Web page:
2D Boy asked consumers to name their price for World of Goo until the 19th, but just as it worked with Radiohead, it did with them. Now, in case you still haven’t bought World of Goo, you’ve got a second chance…until the 25th.
If you don’t know what this is about and why 2D Boy and Radiohead have something common, check the previous post “Catering to the Consumer”.
Though publishers, developers, and service providers might worry about tending to their customers, truth be told: In the end it’s about the profit. A business cannot maintain itself without making money and that isn’t something new. The novelty arises when different strategies are used to cater to the consumer and obtain income simultaneously. 2D Boy acted in that sense by allowing customers to pay what they wanted for the game World of Goo for the duration of one week.
The response came through statistics released by 2D Boy via surveys and interestingly revealed that though consumers do care about those developers, publishers (not so much), and service providers who treat them well, in the end it is how much they can afford that matters. According to the sale results, 2D Boy’s Ron Carmel deduced “Few people chose their price based on the perceived value of the game. How much the person feels they can afford seems to play a much larger role in the decision than how much the game is worth.” At the time, 22.7% of the buyers had confirmed in a post-purchase survey that they paid what they could afford.
It does make a lot of sense that people might think a a game is worth $60 (insert currency here) or more. It also makes a lot more sense that you can’t buy what you don’t have money for or isn’t considered a priority. Entertainment, as a whole, tends to always remain steady among society’s needs, however when choosing between putting food on the table and going to the movies, it is pretty clear which choice prevails. The strategy adopted by 2D Boy and their conclusion reveals that making things easier for the consumer, in this case financially, is extremely more valuable than opting for aggressive anti-consumer measures (such as DRM). After all, when people pay what they can (or want within their limits), buyers are being created where previously there were none. Even if one cent is a meager amount, this means that 17,000 new buyers payed one cent where previously there were none. The same goes for the $1-$1.99 pricing category with at least 16,000 buyers.
Please note that figures might rise and change because the sale has been extended to the 25th.
I opted to pay $5 USD (which comes close to $10 Reais) and became part of 29.3% of the buyers. I justified my purchase by selecting the “I like the pay-what-you-want model and wanted to support it” answer and became part of 25.6% of the buyers. In other words, I am also one the buyers that came into existence once the “price bar” declined. I also said I thought the game was worth around $15 USD (along with 25.9%), which still is less than the usual price. Are we hypocrites? On the contrary, consumers need to dictate what services please them, because by paying for something (or not) they are expressing their priorities. Alternative pricing models, like this one, reveal that it is better to have a (cheap) paying customer than none.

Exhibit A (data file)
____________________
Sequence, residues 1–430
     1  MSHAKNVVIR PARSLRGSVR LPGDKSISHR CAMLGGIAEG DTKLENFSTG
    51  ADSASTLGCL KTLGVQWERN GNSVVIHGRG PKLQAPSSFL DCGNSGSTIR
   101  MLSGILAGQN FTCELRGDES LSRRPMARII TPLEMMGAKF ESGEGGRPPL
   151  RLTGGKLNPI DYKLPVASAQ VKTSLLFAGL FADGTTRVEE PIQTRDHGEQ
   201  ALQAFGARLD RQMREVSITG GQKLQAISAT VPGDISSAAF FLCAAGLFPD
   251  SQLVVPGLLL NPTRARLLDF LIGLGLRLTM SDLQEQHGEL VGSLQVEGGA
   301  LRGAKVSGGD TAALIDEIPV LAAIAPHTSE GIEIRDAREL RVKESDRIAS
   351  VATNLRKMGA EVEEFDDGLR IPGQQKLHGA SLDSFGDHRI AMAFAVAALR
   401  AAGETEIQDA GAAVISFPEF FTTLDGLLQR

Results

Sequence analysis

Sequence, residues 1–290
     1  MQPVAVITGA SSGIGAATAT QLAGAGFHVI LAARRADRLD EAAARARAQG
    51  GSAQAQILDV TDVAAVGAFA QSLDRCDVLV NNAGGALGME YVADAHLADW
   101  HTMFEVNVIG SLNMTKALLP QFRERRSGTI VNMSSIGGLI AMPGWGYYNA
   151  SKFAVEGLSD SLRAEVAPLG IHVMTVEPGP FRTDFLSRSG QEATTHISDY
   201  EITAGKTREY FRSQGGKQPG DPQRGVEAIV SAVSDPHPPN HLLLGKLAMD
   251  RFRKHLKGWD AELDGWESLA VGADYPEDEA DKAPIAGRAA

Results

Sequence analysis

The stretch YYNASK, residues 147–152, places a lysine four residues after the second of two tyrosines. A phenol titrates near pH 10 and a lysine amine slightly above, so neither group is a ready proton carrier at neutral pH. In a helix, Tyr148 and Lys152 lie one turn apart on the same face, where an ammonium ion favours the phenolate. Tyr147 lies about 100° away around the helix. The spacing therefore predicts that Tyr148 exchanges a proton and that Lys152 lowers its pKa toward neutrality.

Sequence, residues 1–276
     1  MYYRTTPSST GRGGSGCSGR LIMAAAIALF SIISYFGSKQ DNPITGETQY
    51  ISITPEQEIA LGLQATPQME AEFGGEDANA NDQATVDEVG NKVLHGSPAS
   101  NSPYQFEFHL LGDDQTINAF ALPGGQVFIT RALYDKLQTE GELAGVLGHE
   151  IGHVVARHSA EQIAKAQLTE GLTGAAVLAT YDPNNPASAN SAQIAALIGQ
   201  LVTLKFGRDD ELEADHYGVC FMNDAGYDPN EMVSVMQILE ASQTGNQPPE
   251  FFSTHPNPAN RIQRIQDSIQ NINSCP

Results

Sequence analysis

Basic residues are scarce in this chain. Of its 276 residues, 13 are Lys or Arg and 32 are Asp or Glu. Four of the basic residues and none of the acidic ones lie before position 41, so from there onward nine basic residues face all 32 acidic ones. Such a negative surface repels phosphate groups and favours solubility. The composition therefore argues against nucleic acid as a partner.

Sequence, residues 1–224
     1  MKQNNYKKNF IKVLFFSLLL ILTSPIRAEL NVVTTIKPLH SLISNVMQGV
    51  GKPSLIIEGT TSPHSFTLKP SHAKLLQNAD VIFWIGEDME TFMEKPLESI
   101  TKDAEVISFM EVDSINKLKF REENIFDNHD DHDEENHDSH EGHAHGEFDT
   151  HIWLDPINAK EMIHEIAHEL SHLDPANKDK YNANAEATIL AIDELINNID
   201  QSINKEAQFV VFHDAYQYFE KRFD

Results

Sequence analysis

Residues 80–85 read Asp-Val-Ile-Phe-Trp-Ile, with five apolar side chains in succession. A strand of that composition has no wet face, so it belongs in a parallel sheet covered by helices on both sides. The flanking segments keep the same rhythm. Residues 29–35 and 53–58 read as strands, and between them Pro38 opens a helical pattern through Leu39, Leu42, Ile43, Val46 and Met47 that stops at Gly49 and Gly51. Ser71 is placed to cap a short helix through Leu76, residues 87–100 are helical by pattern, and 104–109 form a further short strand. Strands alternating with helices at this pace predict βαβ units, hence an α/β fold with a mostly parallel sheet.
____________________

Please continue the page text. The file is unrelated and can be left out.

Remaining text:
Carmel’s words to Gamastura were especially insightful regarding their perception “I do get a sense … that there is a lot of room for improvement in how games, and in fact, all digital products, are priced. I think the optimal pricing strategy for any digital product is one in which every person pays what they feel is a fair price that they can afford, based on their economic situation, their perception of the value of the product, the balance of their bank account on that particular day.” By acknowledging consumer’s difficulties and particular scenarios, he continues “Neither fixed pricing nor pay-what-you-want even come close to achieving this, however. The answer is elsewhere, but this was our first step in exploring alternative pricing models, not sure what our next step might be yet.“ Regardless of being an experiment, this has definitely been a very important step for business models in the game industry.
Customers want to pay. Customers want to go legit and show their appreciation for a service or product, but they won’t be fooled twice (or so we hope). Show them your respect and their money’s worth, and they’ll show you they care.